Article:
Yesterday, at his Digressions & Impressions blog, Eric Schliesser posted a (second) lovely discussion of 17th century philosopher Marie de Gournay and her account of the Church’s role in the subordination of women. Strikingly, de Gournay argues that, in having played this role, Christianity also oppresses men, by encouraging them to make idols of themselves.
For, men have chosen to let themselves be ruled by “superiority of…strength” (73) and not their rational faculty. In fact, she argues that in so doing men have committed “serious blasphemy” because men have elevated themselves above women. For, women are “worthy of being made in the image of the Creator, of benefiting from the most holy Eucharist and the mysteries of redemption and of paradise, and of the vision–indeed, the possession–of God.” (73) Man’s political decision to deny women “the advantages or privileges of man” is, thus, a way to make an idol of himself.
De Gournay’s argument is a powerful reply to the Pauline-Augustinian argument that woman only expresses God’s image when she is united to man (de Trinitate, Book 12, Ch. 7). I know what I’ll be adding to the syllabus the next time I teach philosophy of gender. Thanks, Eric!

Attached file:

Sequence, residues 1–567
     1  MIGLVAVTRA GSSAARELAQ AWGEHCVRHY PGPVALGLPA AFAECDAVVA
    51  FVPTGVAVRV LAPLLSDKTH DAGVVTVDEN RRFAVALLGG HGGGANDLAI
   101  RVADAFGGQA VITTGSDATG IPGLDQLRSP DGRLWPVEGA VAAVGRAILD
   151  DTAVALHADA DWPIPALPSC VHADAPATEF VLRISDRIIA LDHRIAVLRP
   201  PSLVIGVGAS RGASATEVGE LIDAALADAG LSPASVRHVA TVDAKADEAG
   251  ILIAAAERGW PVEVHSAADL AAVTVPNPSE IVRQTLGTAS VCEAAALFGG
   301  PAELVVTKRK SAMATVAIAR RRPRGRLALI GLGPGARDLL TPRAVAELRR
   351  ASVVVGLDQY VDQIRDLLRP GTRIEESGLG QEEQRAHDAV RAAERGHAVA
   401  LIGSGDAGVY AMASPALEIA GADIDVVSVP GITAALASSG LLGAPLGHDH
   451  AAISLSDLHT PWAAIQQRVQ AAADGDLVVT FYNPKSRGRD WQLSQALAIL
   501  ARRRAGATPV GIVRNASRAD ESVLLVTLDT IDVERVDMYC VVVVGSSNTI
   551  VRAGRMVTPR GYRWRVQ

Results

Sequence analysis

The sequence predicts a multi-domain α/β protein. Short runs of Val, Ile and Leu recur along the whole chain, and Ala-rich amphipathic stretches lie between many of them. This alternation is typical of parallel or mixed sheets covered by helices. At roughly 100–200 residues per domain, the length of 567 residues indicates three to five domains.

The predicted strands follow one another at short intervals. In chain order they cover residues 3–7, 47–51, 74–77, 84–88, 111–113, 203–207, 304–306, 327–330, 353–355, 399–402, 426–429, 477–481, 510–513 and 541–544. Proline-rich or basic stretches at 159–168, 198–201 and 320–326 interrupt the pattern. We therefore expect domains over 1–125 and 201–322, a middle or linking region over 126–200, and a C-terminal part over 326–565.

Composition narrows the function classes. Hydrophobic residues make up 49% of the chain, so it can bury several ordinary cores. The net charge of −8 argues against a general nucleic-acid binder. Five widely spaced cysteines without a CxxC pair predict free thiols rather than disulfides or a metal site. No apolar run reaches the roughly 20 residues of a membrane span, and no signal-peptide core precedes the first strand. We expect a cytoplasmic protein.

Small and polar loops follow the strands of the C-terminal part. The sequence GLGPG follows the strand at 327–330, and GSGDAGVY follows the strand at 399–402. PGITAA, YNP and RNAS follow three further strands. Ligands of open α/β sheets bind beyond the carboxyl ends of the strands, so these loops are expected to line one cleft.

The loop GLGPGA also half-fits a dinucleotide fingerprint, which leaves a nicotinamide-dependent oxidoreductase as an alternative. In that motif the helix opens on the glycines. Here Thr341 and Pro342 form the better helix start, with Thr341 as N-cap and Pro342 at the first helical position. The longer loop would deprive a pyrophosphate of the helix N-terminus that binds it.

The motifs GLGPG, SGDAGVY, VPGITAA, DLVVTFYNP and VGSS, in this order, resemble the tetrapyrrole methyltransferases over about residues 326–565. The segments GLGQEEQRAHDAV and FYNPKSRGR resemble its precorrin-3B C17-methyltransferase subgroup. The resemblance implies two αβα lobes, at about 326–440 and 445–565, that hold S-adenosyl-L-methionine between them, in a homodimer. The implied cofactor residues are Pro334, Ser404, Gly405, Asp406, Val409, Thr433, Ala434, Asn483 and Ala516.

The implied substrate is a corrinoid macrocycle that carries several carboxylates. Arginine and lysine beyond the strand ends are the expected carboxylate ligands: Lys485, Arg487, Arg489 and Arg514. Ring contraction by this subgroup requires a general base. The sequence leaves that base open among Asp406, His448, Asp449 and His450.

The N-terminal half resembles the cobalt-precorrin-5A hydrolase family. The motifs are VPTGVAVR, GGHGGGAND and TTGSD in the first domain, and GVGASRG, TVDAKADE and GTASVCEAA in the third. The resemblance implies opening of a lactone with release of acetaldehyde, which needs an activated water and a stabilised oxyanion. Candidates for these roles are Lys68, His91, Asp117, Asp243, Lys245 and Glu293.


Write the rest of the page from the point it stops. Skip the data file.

The University of Notre Dame announced yesterday that it would be refiling its lawsuit against the HHS mandate (dismissed last spring) regarding contraceptive health care coverage. University president, Rev. John Jenkins wrote:
The government’s accommodations would require us to forfeit our rights, to facilitate and become entangled in a program inconsistent with Catholic teaching and to create the impression that the university cooperates with and condones activities incompatible with its mission. . . The U.S. government mandate, therefore, requires Notre Dame to do precisely what its sincerely held religious beliefs prohibit — pay for, facilitate access to, and/or become entangled in the provision of objectionable products and services or else incur crippling sanctions.
How sincere those religious beliefs are remains to be seen.
Not quite his words.
According to the NY Times,
“Pope Francis, in the first extensive interview of his six-month-old papacy, said that the Roman Catholic Church had grown “obsessed” with preaching about abortion, gay marriage and contraception, and that he has chosen not to speak of those issues despite recriminations from some critics…
In remarkably blunt language, Francis sought to set a new tone for the church, saying it should be a “home for all” and not a “small chapel” focused on doctrine, orthodoxy and a limited agenda of moral teachings.